gSharp – Programmable Asset Analytics for PI

A bit of history

When PI AF 2014 with Asset Analytics was released by OSIsoft it was a significant milestone in the evolution of the PI Asset Framework. This was intended as the first major part of the analytics component of PI AF – configurable Asset Analytics that did not require coding knowledge, or an IDE in which to develop calculation code, or to be compiled at all. Analyses were templatizable, easy to create, and followed the very familiar PI Performance Equations style of syntax.

The second part of AF analytics was generally referred to as programmable Asset Analytics and was seen as the PI AF capable successor to PI ACE. Unfortunately, this component of Asset Analytics never eventuated, and so PI ACE remained the only option for programmatic calculations and analyses within the PI System. By 2014 PI ACE had already been in maintenance mode for a couple of years and the likelihood of it getting any form of update to provide native AF capability was practically zero.

Many in the PI user community still held out hope for some form of AF based programmable analytics to handle the types of complex calculations that just weren’t possible (and still aren’t today) in configurable Asset Analytics. Today many of us have given up any hope that the PI System will see native programmable Asset Analytics.

A new chapter

With the release of gSharp from gHost Technology, the concept of programmable Asset Analytics is reborn. Originally conceived as a replacement for PI ACE following the end of support in 2023, gSharp not only presents a viable option for PI ACE users to migrate their legacy code to a fully supported and backwards compatible platform, but also provides a fully AF aware calculation engine and environment for developing complex calculations without the overhead of PI ACE backwards compatibility.

With the release of gSharp, the concept of programmable Asset Analytics is reborn.
John Messinger
Chief Technology Officer

A bit of context

In the same way that PI ACE uses the PI Module Database to provide calculation context, gSharp uses PI AF databases to provide the context for its calculations. AF Elements containing Attributes configured with PI Point data references are the individual contexts for a gSharp calculation that has been written with the intent of being applied to multiple assets.

AF Element Attributes are mapped as Data Points in gSharp (AFDataPoint class), giving the developer access to a relatively simple object in which data can be access for both read and write operations. These Data Points also expose several extension methods that provide access to standard PI summary functions (Avg, Max, Mean, Min, Range, StdDev, and Total) as well as some familiar and standard Performance Equation type functions such as:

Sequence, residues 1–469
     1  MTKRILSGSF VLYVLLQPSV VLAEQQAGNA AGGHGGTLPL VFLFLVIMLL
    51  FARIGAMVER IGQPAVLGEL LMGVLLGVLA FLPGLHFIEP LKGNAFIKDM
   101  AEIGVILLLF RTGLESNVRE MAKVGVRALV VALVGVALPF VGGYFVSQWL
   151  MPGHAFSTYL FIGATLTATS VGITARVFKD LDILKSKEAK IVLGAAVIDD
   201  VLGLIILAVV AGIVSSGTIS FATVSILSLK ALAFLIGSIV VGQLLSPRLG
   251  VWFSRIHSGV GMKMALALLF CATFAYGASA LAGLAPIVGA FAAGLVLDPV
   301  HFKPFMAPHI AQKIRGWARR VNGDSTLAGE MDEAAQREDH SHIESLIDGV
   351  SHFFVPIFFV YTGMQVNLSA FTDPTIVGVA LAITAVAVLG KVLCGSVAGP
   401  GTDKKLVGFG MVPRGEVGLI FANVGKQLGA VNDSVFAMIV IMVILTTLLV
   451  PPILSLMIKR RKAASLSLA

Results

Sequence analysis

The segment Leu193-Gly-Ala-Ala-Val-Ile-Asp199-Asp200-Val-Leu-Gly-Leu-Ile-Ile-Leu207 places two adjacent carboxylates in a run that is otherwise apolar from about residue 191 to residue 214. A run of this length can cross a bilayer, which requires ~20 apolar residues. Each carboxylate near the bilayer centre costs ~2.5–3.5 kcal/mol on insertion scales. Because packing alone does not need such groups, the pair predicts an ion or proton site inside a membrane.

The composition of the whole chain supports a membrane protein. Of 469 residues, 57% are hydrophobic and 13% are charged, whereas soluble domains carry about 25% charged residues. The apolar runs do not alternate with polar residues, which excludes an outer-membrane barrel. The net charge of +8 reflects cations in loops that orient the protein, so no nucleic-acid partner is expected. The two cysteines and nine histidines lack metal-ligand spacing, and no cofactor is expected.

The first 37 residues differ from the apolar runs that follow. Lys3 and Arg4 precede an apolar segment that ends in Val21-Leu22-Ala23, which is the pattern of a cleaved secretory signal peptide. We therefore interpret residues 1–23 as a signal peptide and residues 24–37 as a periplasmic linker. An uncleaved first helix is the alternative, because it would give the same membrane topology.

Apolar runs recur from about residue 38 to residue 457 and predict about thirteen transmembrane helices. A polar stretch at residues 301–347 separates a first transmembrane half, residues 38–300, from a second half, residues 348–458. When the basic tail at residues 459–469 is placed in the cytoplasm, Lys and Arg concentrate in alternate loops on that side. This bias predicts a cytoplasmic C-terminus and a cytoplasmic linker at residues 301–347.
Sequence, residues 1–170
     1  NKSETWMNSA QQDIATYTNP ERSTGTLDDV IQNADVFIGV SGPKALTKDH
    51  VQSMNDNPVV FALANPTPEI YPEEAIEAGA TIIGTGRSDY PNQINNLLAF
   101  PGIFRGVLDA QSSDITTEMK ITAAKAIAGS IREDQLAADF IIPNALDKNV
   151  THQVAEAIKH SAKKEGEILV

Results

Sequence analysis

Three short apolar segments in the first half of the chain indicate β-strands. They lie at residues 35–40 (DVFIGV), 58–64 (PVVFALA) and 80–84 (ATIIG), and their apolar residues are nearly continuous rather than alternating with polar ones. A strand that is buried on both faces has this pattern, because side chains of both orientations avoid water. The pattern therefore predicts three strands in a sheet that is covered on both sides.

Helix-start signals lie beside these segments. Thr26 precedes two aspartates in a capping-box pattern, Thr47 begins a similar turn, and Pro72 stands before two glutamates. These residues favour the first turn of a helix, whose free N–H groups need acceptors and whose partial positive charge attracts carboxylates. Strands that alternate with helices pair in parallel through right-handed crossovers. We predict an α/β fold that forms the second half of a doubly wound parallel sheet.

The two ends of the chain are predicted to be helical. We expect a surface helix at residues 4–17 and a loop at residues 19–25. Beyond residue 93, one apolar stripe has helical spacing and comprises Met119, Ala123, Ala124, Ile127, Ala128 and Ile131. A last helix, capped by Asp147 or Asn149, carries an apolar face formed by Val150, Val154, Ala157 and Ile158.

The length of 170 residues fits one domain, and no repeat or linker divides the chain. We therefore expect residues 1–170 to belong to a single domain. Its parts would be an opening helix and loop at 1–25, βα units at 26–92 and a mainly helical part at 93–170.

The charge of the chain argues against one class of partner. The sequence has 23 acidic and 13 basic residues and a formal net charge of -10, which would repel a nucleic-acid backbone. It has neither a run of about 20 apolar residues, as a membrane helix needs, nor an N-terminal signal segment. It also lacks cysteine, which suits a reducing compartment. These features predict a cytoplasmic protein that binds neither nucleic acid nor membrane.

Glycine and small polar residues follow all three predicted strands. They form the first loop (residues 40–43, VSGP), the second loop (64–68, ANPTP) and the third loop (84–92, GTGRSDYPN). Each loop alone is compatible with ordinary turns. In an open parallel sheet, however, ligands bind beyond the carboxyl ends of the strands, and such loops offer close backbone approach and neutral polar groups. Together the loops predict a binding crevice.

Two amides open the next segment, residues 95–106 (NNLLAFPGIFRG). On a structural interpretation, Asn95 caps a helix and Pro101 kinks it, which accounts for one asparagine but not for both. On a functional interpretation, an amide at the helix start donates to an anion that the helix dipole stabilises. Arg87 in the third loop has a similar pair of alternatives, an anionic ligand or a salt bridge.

• FindEQ and its sibling functions (FindGE, FindGT, etc).
  • NextEvent and NextVal.
  • PrevEvent and PrevVal.
  • TimeEQ and its sibling functions (TimeGE, TimeGT, etc).

Because the AFDataPoint class is a form of wrapper around an AFAttribute, the underlying AFAttribute can be easily exposed for access to the full range of properties and methods available for this class in the AF SDK.

Also included are a couple of simplified methods for accessing archived and sampled values for the underlying PI Point. All these Data Point methods reduce the need for the developer to have to directly write AF SDK code for these standardised methods. Of course, there is nothing preventing developers from calling the AF SDK directly from within a gSharp code module for functionality that isn’t currently provided as part of the gSharp analytics library.

Lastly, there is a static FunctionLibrary class that exposes analytics methods for calculating summary functions on passed in data arrays, Curve and Poly functions, and others. Some of these methods are exposed in gSharp’s PI ACE compatibility layer as they are our AF SDK based implementation of PIACEBIFunctions methods, and we considered them useful enough to include as part of the native gSharp analytics library.

The joy of code

Using gSharp for programmable Asset Analytics brings the power and flexibility Visual Studio and .Net to PI System analytics again. Because the gSharp server provides a highly flexible scheduler for analyses, developers don’t need to spend time and effort on building Windows services based applications to host their complex analysis code and can instead focus on developing the calculations themselves.

Analyses that require complex logic, looping, interaction with the file system or other external systems such as databases, or access to third-party or custom code libraries just can’t be created with configurable Asset Analytics. These types of requirements are best met using tools such as Visual Studio and gSharp.

gSharp provides Visual Studio solution templates for both C# and VB.Net developers to create native gSharp calculations.

Take your asset-based analytics to the next level with gSharp programmable analytics for your complex calculation needs.

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